His allegorical painting Europe under Threat is an unambiguous reaction to political developments in Bolshevik Russia.
MALJAVIN FILIP ANDREJEVIČ
Filip Andreyevich Malyavin studied icon painting before entering the Academy in St Peters- burg. There he developed a dynamic style characterised by broad brush strokes and a penchant for rural subject matter. In the years 1897−1899 he was the foremost painter in the studio of Ilya Repin. His paintings typically featured strapping country women depicted using unusual shades of colour. Malyavin’s fascination with colour led him into almost Fauvist self-indulgence akin to its treatment by Henri Matisse. His distinctiveness lies in his bold and luxuriant treat- ment of colour in stark contrast to veristic painting. This all combines to create a singular view of Russian village life. His temperament approach to painting also won him renown abroad. He was recognised in Venice and Paris where he mostly lived from 1922. In 1933 an extensive exhibition of his work was held in Prague, as a result of which many of his works found their way into Czech collections. Exhibitions also took place in the Balkans, England and Sweden. The Ostrava Gallery of Fine Art has a large collection of his paintings. While still in Russia he painted Lenin’s portrait in the Moscow Kremlin. He travelled to Paris in 1922 and settled there with his family. Malyavin died in Nice.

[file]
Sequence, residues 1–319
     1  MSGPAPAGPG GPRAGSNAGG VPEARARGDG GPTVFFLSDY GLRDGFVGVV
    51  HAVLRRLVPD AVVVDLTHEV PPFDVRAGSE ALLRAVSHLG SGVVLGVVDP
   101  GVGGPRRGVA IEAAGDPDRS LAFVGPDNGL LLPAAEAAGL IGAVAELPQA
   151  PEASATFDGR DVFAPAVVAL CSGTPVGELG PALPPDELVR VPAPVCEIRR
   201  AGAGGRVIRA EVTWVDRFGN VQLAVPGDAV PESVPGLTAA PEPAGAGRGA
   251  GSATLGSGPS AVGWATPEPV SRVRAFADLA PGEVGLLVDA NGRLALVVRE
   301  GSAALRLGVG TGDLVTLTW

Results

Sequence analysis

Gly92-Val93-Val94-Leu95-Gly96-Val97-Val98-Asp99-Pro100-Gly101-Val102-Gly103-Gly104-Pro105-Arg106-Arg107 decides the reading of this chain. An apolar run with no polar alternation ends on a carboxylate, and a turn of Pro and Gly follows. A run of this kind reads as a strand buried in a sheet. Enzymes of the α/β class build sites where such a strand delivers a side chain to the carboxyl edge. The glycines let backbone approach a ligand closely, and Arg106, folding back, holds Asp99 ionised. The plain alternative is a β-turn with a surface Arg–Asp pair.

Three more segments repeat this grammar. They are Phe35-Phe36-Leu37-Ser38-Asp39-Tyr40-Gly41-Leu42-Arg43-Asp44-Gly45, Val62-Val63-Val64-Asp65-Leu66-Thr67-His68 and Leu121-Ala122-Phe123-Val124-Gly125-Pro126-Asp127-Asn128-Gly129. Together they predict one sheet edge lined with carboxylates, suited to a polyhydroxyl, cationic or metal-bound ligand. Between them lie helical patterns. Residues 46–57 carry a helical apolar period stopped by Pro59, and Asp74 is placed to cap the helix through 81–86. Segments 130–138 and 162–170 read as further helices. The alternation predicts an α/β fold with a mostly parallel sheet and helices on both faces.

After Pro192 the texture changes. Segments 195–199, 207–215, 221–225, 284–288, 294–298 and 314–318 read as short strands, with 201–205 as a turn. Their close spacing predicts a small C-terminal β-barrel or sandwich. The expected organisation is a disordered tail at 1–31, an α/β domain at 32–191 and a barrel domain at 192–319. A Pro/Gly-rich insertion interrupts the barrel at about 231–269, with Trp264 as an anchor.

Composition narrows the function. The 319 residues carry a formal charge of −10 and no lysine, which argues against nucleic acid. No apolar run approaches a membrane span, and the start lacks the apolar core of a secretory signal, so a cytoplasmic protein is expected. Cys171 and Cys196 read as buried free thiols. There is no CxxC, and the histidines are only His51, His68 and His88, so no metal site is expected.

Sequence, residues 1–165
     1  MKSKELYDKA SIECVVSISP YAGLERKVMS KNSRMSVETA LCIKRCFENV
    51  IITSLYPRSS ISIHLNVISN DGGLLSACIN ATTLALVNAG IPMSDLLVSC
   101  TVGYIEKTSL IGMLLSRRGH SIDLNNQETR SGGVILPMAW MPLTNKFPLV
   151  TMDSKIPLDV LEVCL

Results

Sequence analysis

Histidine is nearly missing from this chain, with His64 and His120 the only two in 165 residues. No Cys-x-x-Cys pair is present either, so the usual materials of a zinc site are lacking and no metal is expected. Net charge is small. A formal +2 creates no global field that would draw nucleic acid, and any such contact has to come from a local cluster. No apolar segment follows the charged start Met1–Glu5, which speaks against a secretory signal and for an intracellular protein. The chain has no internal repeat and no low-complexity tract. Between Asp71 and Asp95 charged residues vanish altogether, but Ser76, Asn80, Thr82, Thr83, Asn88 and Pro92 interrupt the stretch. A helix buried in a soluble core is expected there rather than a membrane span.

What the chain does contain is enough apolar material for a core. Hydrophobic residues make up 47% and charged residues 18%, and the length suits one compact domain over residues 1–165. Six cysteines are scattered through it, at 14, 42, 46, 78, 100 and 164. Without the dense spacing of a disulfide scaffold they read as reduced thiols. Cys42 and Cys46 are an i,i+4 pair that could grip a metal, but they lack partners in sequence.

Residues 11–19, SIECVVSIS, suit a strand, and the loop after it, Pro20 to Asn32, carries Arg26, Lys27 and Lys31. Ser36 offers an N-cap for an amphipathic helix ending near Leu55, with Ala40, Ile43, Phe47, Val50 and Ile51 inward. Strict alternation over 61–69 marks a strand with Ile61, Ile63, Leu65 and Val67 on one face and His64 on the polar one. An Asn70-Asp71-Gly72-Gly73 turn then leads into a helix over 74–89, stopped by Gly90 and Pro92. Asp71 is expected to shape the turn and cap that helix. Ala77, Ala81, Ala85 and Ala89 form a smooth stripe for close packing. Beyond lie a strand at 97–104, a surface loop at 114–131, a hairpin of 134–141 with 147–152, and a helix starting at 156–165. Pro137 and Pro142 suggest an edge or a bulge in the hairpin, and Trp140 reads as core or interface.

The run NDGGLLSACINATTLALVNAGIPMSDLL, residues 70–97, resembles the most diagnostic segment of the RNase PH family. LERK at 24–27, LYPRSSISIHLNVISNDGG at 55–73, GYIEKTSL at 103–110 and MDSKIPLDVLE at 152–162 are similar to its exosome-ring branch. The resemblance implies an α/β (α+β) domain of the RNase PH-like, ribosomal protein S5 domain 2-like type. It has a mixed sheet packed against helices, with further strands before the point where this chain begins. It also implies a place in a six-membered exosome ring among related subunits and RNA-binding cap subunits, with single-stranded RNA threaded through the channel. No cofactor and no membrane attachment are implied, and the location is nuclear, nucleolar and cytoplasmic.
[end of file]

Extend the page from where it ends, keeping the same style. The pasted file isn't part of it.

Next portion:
The Master of the Hradec Králové / The Virgin Mary with SS Barbara and Catherine